Jonathan Partridge is a television producer in New York City.
I am a proud New Yorker and I always have been. That is, until I found out that lawmakers in my state did not support death with dignity. This end-of-life option would have provided great comfort to my mother who died two months ago after a lengthy illness.
A Woman Who Embraced Life
Before she got sick, my mom, Marcia Partridge, loved her life. At age 69, she went to Jazzercise five times a week, enjoyed dinners with friends, continued her speech pathology career, vacationed around the world, and adored the love of her family. She could light up a room with her smile. It was impossible not to love her.
The First Diagnosis
Marcia was diagnosed with Stage 2 breast cancer in 2010. She had more than 40 lymph nodes removed. Fortunately, her cancer never metastasized and she eventually joined the “Survivor’s Club” in 2015.
It was a milestone when she hit that five-year mark. We all were excited about the future. We didn’t know that her years with breast cancer would be a walk in the park compared to what came next.
A New Normal
In 2016, Marcia was diagnosed with a non-Hodgkins lymphoma, called Waldenstrom macroglobulinemia. Her condition worsened quickly and she was admitted to the hospital for 35 days. Due to the thickening of her blood, she lost her hearing, eyesight, dexterity, and vestibular functions. The only treatment that worked for her was intensive chemotherapy.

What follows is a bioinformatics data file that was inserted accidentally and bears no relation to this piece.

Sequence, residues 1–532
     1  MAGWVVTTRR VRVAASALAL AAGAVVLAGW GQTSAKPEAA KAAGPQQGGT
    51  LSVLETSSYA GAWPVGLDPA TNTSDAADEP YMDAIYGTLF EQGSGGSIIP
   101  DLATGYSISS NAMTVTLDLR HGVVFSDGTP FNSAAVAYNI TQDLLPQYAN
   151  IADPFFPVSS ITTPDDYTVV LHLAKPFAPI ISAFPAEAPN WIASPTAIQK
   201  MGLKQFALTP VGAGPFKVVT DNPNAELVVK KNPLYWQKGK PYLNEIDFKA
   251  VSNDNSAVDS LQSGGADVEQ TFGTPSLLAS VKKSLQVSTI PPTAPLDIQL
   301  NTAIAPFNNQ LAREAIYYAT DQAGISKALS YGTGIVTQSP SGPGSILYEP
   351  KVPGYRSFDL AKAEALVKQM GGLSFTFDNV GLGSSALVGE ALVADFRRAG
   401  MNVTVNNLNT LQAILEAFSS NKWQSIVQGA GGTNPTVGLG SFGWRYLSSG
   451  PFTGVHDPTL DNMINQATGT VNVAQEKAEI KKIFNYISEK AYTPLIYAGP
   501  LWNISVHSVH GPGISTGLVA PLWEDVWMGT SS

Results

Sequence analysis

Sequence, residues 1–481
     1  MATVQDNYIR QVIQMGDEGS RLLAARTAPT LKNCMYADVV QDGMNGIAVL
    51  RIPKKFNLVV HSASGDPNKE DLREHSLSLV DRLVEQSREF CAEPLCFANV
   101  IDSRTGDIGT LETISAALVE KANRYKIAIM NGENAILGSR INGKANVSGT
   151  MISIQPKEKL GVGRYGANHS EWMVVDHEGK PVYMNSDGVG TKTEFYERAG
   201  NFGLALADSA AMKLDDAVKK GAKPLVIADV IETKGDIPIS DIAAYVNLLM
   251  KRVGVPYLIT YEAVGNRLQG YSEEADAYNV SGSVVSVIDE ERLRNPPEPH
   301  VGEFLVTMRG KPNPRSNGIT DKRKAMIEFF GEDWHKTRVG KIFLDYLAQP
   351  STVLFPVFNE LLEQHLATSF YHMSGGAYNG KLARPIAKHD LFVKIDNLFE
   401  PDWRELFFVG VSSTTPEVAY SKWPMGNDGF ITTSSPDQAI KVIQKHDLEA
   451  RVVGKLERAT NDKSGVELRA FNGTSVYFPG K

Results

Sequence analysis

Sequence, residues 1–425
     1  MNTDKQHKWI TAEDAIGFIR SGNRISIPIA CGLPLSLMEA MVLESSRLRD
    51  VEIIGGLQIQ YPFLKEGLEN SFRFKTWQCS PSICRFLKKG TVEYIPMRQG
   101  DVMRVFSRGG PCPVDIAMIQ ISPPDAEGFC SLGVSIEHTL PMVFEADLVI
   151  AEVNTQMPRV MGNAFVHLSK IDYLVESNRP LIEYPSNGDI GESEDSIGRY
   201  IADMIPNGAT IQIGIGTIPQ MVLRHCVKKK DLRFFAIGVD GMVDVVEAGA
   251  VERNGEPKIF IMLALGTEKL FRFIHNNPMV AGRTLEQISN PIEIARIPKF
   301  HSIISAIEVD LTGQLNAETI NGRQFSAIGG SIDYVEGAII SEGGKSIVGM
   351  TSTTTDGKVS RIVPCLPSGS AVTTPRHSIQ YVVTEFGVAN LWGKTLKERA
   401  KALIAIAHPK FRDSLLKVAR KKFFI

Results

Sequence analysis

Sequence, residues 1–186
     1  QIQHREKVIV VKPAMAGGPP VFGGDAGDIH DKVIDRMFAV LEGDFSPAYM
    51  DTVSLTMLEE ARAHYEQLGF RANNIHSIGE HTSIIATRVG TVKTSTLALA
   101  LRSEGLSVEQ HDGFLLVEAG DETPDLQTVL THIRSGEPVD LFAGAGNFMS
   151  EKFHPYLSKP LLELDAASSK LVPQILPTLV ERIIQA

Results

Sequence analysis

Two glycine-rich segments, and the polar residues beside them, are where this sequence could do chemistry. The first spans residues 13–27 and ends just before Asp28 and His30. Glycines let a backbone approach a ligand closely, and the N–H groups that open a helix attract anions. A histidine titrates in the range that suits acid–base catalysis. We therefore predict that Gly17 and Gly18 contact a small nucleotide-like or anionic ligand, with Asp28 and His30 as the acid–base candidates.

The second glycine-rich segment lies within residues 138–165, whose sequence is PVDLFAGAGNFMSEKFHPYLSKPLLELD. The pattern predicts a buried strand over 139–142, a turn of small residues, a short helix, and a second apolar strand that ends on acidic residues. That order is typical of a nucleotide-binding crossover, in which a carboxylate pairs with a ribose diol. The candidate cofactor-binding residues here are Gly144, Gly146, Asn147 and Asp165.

After a few months, she started regaining her eyesight and hearing. But her balance was still off; she wavered and struggled to walk in a straight line. As a former dancer and very active woman, this was extremely hard for my mom. She had to accept that living with a compromised body was her “new normal.” She grieved her old self. And we did too.
My Mom’s Showrunner
I didn’t know that my work as a television producer would prepare me for helping my mother during her illness. When I was in between jobs, I essentially became my mom’s “showrunner” and along with my dad and sister, I was her full-time caretaker. I cooked food, shopped for essentials, extensively researched her illness, and motivated her to keep fighting.
While my mom’s condition gradually improved, she unfortunately needed to get a malignant node on her lung removed the following year. The surgery was a success and we thought we could breathe easy again.
An Uphill Battle
But shortly after, in the summer of 2017, my mom’s Waldenstroms had returned. So as a family, we went through the whole process one more time. Early 2018, after the chemo for her relapse was complete, my mom was diagnosed with a very rare immune disorder called Hemophagocytic Lymphohistiocytosis or HLH. This disease wreaked havoc on her body, resulting in my mom sleeping more nights in the hospital than she did at home.
By September 2018, I found myself wondering when this vicious cycle would end. I never gave up hope, but it became harder and harder to believe that she could recover from such a prolonged period of serious illness. This petite but strong woman fought breast cancer, blood cancer, lung cancer, and now this immune disorder. It was an uphill battle, to say the least.
The Ultimate Decision
On September 21st, I spent my 40th birthday with my mother in the emergency room after she fell and fractured her tailbone. That day, I had no idea that my mom would never return home.